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A Certain Je Ne Sais Quoi: The Origin of Foreign Words Used in English    by Chloe Rhodes order for
Certain Je Ne Sais Quoi
by Chloe Rhodes
Order:  USA  Can
Readers Digest, 2010 (2010)
* *   Reviewed by Hilary Williamson

Have you ever wondered about the origin of some of the odd phrases in common usage? If you know any foreign languages, the words themselves are often the main clue (as in the French phrase in the title) but it's not always that obvious.

Chloe Rhodes, the author of A Certain "Je Ne Sais Quoi": The Origin of Foreign Words Used in English, tells us that 'English speakers have been linguistic magpies since at least the fifth century'. The Normans brought French words and Latin, the British Empire injected phrases from all over the world, and words spilled 'from the immigrant ships to be mopped up by the giant lexical sponge of American English.'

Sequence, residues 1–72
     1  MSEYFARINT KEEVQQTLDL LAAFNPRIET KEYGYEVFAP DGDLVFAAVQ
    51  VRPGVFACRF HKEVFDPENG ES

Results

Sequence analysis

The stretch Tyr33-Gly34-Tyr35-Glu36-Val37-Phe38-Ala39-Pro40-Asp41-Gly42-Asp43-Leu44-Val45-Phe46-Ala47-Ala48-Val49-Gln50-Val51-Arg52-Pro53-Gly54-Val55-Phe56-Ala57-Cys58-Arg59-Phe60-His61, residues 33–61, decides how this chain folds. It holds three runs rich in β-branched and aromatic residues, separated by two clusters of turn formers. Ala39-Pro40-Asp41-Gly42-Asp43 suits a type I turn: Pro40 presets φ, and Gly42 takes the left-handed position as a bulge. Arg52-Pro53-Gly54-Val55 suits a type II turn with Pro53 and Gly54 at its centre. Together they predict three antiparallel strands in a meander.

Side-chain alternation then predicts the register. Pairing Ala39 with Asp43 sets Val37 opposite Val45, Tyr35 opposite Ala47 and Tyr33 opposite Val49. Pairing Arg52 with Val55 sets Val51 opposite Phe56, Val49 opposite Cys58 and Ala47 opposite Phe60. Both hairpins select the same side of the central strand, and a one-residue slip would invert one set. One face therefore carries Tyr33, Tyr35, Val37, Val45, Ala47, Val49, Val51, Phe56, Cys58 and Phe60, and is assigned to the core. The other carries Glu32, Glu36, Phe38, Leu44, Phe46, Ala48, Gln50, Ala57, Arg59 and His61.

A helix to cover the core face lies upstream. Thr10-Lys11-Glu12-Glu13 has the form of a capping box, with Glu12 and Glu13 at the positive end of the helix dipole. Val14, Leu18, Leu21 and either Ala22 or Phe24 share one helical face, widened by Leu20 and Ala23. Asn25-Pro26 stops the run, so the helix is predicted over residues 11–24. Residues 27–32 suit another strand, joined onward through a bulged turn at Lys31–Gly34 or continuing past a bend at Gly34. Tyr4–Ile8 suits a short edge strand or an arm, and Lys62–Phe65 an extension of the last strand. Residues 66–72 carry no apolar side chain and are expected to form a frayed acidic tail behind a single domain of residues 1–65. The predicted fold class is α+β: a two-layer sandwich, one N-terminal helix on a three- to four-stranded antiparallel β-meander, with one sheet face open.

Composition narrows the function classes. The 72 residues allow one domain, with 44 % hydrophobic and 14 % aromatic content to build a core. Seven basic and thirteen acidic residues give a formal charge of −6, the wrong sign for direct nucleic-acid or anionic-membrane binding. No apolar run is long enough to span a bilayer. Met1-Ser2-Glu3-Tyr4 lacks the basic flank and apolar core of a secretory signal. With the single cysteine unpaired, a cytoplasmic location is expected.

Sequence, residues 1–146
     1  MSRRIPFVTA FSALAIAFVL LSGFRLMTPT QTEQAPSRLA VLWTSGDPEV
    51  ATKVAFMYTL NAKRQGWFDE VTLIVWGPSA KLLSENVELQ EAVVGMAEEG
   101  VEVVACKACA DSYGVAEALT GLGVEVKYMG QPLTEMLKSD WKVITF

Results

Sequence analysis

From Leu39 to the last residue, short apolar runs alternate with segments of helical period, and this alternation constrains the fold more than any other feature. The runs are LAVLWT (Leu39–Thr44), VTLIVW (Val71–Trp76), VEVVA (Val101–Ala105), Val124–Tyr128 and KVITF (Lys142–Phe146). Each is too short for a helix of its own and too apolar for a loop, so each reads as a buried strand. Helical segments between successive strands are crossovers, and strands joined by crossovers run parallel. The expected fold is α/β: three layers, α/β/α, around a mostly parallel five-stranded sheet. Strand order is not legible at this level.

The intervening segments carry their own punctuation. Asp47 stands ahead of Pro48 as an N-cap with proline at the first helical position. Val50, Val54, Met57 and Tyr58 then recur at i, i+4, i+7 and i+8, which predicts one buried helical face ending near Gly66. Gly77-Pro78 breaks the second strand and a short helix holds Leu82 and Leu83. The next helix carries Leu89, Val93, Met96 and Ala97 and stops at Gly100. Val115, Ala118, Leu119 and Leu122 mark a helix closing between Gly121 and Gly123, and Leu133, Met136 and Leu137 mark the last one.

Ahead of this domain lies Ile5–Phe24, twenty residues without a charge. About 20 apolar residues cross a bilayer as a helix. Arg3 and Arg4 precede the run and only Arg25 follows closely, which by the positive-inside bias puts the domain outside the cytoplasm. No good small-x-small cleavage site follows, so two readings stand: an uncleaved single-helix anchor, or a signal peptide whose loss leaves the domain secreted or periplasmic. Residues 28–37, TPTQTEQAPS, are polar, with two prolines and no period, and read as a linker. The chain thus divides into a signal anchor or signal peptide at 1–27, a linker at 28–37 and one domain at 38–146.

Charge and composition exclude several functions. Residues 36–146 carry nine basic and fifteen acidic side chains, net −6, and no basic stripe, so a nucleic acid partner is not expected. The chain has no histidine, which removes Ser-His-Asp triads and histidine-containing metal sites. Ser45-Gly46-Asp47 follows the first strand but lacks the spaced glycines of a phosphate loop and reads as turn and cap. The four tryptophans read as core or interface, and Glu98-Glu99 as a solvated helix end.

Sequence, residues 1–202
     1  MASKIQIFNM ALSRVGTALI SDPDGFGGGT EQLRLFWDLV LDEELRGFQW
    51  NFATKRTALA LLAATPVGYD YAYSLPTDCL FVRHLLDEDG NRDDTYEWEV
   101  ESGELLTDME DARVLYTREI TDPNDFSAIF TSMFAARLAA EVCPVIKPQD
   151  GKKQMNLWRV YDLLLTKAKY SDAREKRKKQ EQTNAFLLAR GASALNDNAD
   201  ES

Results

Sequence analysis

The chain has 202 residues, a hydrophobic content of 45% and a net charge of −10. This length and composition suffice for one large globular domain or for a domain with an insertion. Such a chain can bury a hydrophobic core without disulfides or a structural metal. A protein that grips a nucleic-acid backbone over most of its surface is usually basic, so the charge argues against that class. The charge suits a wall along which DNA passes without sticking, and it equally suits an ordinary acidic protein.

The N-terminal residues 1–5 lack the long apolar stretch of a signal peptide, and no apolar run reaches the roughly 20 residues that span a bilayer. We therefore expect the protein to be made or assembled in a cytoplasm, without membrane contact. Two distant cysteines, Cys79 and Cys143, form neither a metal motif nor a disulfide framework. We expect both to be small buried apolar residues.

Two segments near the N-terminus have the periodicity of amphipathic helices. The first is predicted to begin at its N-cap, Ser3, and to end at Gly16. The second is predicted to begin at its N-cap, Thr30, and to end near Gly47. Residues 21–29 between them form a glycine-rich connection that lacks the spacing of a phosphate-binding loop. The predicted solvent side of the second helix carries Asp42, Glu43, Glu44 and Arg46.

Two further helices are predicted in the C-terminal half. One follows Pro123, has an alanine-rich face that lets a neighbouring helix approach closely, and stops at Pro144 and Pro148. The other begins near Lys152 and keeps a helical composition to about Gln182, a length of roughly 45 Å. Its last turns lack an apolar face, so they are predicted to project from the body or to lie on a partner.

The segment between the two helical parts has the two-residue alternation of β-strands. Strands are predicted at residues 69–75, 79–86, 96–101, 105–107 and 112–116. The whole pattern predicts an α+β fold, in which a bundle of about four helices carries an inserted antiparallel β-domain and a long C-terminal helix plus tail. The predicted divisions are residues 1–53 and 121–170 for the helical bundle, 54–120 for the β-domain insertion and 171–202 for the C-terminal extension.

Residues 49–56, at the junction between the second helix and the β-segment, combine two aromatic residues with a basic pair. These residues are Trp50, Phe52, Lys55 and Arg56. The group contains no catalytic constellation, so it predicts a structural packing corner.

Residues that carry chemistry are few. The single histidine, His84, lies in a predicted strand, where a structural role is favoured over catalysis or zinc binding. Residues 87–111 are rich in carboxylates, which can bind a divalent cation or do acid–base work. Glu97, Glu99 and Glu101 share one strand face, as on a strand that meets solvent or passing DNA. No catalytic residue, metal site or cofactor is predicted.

Rhodes' selection starts with A cappella and ends with Zeitgeist. She includes a definition for each word or phrase, describes its origins, and offers an amusing sentence showing context of use. Black and white sketches throughout add to the humorous tone of the book. While many French, German, Greek, and Latin origins were familiar to me, I was surprised to see such broad coverage from languages including Arabic, Malay, Japanese, Sanskrit, Hindi, Turkish and Russian.

For example, Algebra (which originally meant reunion) was first used by a Persian mathematician; Anorak (used in the UK to describe a winter jacket) originated in Greenland Inuit; Honcho meant a Japanese squad leader; Juggernaut was Sanskrit for lord of the universe; Ketchup (my favorite for its absurdity) means fish brine in Malay; Paparazzi came from the Italian for mosquitos; and Robot from the Czech for drudgery.

If these examples intrigue you, get hold of a copy of A Certain "Je Ne Sais Quoi" and dip into it yourself. It's great fun and you just might learn something new along the way.

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